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Imaging-Mode Stellar Occultations by Saturn from Cassini VIMS

Presentation #508.02 in the session Origin and Evolution of Giant Planet Systems II (Oral Presentation)

Published onOct 23, 2023
Imaging-Mode Stellar Occultations by Saturn from Cassini VIMS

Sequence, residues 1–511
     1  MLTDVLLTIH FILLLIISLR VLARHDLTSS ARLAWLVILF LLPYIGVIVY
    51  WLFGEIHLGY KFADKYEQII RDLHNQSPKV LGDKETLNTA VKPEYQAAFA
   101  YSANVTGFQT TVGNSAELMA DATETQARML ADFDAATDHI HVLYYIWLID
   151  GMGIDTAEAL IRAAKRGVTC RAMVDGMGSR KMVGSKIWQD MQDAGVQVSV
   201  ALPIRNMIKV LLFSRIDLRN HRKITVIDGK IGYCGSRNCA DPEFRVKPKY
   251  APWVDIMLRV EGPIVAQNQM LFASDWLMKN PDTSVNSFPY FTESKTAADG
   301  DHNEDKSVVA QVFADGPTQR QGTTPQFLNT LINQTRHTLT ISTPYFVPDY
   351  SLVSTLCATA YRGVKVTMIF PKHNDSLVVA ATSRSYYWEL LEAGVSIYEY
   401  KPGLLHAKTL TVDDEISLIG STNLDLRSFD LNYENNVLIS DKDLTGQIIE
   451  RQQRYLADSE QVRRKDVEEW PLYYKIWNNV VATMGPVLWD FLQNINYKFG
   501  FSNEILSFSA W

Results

During Cassini’s 13 years in orbit around Saturn, the Visual and Infrared Mapping Spectrometer (VIMS) performed over 100 stellar occultation experiments on the planet, covering a wide range of latitudes and seasons. The principal goals of observing Saturn stellar occultations with VIMS were to obtain temperature-pressure profiles of the planet’s stratosphere through inversion of light curves, and to obtain vertical profiles of hydrocarbon abundance in the upper stratosphere with which to test photochemical and eddy-diffusion models such as those of Moses et al. (2000 Icarus) and Moses and Greathouse (2005 JGR). VIMS performed most of its experiments in occultation mode, but a small subset (9) were done in imaging mode. This work uses the imaging-mode occultations to study the anatomy of an occultation so that we can calibrate a model for the occultation-mode data. These imaging-mode data probe deeper into the atmosphere (~50 mbar vs ~10 mbar) and provide a greater field of view on the occultation event, but sacrifice temporal resolution. With a greater field of view, we can directly measure the bending angle of the ray of starlight through Saturn’s atmosphere as the star’s image is refracted by Saturn’s atmosphere across the detector. From this, we relate the predicted refractive attenuation of the starlight, assuming no other sources of opacity (e.g. aerosol hazes), to the observed attenuation. Doing so, we test this assumption in the region of Saturn’s stratosphere that the occultation-mode dataset probes (~1-10 mbar) in advance of that future analysis. We can also measure when the refractive bending exceeds the single pixel of the occultation-mode data so that we will be better able to disentangle the effects of refraction from the effects of atmospheric attenuation in the occultation-mode dataset.

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